Essay | Tony Harrison: Poetry & Class

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Patrick Maxwell


Tony Harrison:
Poetry & Class


The use of poetry as a form of class war has arguably never had particularly significant results in much of literary history, perhaps due to the fact that vitriol and verbose anarchy make it difficult for prose and poetry to endure. However, Tony Harrison’s poetry can be seen as one of the exceptions to this generalisation. 

Harrison’s background, as a working-class boy from Leeds who rose to become an enfant terrible of sorts, is always noted and used as a scapegoat for his somewhat offensive pronouncements. His work is consistently filled with the desire to go back to youth, back to the basics of existence, back to the certainty of a previous life. Yet his poetry also offers a grim assessment of that forgotten time, beleaguered by the scarcities and dreariness of existence in an industrial age. This intriguing conflict which seems to offend both the literary and political establishment who speak with ‘Received Pronunciation’, and on the other side, the butcher, publican, and baker who surrounded him growing up, and whose lives he was expected, even supposed, to emulate. The expletive-strewn language that he employs is juxtaposed with the authority, the tradition of Byron and Wordsworth, the intellectualism of Rimbaud and Alban Berg.

Harrison’s most famous poem, ‘V’, is centred around a graveyard in Leeds and overlooks two parts of the poet’s life. On one side lies Leeds Grammar School, where Harrison, as an eleven-year-old scholar, was given the education that gave him a life in poetry, and the university where he gained his Classics degree. On the other is Elland Road, the Leeds United football ground.

If buried ashes saw them I’d survey
The places I learned Latin, and learned Greek,
And left, the ground where Leeds United play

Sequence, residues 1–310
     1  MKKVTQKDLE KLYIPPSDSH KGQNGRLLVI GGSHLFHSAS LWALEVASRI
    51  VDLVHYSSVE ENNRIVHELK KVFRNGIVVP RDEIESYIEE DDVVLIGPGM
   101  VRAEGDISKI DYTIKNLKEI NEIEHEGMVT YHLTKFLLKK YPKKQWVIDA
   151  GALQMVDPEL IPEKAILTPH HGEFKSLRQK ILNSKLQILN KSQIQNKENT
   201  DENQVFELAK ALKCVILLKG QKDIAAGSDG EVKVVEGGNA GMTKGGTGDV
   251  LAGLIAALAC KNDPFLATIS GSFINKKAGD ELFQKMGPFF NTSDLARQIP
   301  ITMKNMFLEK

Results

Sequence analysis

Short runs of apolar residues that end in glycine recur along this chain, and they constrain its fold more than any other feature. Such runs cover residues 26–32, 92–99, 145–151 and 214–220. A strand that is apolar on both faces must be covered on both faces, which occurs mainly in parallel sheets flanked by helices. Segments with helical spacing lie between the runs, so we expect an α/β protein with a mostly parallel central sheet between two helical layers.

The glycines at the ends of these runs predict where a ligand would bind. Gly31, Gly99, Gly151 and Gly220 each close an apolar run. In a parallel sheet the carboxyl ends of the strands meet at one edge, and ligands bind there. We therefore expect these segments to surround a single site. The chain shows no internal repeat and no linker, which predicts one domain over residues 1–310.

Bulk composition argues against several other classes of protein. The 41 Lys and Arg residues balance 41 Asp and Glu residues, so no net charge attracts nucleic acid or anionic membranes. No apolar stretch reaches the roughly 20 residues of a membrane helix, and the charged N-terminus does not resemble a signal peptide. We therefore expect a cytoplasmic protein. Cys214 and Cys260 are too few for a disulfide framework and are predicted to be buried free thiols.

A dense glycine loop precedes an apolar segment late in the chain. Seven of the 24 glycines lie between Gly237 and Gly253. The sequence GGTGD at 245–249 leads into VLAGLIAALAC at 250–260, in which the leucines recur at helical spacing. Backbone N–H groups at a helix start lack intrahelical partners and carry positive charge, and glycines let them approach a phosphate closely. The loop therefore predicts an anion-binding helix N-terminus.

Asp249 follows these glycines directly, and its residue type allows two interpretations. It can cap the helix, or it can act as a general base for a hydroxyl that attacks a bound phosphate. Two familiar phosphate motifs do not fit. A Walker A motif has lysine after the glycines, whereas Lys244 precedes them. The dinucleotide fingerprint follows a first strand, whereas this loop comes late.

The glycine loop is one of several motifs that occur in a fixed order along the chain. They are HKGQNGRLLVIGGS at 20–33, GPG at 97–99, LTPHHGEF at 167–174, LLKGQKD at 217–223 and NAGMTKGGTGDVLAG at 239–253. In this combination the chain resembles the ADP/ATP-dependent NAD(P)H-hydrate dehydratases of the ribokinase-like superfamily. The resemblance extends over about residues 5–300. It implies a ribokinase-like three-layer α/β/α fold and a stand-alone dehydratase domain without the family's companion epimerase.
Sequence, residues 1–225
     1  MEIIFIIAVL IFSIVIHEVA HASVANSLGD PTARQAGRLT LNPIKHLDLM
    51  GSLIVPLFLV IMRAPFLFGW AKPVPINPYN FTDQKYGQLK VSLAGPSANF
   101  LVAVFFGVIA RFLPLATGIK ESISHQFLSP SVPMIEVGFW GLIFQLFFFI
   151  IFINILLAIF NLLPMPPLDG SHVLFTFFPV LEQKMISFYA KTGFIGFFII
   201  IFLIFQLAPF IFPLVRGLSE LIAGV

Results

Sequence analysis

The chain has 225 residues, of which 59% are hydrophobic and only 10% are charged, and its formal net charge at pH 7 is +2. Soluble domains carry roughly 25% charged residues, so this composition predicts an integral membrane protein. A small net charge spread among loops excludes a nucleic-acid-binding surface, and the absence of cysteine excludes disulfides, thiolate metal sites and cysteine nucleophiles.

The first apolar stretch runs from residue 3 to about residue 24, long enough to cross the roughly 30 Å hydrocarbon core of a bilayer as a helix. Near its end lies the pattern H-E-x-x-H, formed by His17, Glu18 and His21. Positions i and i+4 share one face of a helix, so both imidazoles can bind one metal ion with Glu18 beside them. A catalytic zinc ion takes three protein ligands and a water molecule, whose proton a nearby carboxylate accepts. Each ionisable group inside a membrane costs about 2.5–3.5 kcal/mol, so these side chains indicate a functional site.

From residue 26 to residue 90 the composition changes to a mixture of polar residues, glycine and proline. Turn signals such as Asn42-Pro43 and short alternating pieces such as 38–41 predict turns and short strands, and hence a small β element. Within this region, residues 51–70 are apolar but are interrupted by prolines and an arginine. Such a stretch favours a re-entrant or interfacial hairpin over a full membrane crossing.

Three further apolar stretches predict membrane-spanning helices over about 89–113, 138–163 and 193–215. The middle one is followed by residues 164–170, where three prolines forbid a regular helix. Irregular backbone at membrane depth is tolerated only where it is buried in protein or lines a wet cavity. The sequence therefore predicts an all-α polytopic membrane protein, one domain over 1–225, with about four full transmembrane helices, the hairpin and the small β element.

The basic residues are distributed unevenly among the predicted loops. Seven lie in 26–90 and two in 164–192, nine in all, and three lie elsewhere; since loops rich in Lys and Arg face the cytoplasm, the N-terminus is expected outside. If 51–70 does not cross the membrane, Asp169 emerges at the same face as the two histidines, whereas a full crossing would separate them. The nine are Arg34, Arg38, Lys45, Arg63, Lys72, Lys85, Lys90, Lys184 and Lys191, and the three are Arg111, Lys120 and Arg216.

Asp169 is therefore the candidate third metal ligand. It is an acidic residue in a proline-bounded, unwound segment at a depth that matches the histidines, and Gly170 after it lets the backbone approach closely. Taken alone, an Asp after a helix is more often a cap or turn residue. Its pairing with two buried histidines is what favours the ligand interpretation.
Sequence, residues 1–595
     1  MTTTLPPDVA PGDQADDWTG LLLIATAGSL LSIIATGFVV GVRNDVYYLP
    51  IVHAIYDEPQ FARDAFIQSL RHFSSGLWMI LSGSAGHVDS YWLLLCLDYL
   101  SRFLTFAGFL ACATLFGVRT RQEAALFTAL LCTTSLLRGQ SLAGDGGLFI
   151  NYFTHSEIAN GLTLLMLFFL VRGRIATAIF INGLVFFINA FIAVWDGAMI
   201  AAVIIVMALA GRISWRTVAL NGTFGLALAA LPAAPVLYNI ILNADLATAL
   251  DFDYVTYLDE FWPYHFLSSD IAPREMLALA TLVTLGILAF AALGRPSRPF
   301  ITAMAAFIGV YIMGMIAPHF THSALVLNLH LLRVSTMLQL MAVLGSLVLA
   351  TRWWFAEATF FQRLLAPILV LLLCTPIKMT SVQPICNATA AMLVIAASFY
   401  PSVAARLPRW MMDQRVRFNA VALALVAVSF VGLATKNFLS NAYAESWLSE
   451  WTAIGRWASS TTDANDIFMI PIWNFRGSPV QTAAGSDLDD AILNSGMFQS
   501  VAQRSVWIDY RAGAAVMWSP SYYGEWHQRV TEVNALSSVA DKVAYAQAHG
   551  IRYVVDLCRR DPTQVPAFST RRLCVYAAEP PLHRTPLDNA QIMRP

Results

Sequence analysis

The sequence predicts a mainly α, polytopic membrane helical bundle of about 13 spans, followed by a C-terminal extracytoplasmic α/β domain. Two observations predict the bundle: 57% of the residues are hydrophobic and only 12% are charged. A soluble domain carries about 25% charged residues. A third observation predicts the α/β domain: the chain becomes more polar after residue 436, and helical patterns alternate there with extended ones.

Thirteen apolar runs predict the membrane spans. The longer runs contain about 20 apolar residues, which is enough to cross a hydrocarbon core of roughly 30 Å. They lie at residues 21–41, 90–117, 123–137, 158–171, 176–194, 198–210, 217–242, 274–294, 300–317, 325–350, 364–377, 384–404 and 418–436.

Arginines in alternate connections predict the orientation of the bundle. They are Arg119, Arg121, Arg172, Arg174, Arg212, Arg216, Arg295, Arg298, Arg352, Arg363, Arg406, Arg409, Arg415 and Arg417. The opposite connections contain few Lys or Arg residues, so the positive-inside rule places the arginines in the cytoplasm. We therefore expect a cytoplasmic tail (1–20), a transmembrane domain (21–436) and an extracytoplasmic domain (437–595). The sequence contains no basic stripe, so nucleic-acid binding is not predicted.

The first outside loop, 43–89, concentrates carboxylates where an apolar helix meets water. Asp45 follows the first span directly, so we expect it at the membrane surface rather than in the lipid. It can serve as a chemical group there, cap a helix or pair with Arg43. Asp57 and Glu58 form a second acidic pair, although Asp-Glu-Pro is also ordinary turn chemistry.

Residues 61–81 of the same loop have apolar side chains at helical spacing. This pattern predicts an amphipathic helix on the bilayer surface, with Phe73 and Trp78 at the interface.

But disappoint their fans week after week

It is from this courtyard that Harrison continues his story, the rhyme structure consistent, as he breaks into conversation with an imaginary passer-by; ‘Can’t you speak / the language that yer mam spoke? Think of ‘her!’ This man, a foul-mouthed football supporter, echoes the voice inside Harrison’s head, accusing him of forgetting his roots on his quest to gain entry into the intellectual elites. In beseeching him to remember his mother, the man is taking the role of his own, who, having read her son’s first book The Loiners, said that ‘You weren’t brought up to write such mucky books’.

‘V’ is a long paean to the world of working-class industrialism; written in the aftermath of the Miners Strike in 1984. The ideas of struggle against authority, the division between the community of the mining community, and the threat of the Thatcher government are ever-present, but Harrison’s own view is never fully exposed. Instead, the poem is a long polemic of indignation at the moral degeneracy that he sees in late ‘80s Britain, with his relatives’ vandalised gravestone acting as a metaphor.

The history of English working-class literature, from Tressell’s The Ragged-Trousered Philanthropist to Greenwood’s Love on the Dole, Engels’s Condition of the Working Class to The Road to Wigan Pier, has included some of the most poignant but bitter attacks on what Auden called ‘the lie of Authority / Whose buildings grope the sky’. Whether Harrison’s poetry is an attack on Thatcherism as such or just the growing negation of his childhood ideas is never fully understood. Indeed, the title ‘V’ could well express his viewpoint best: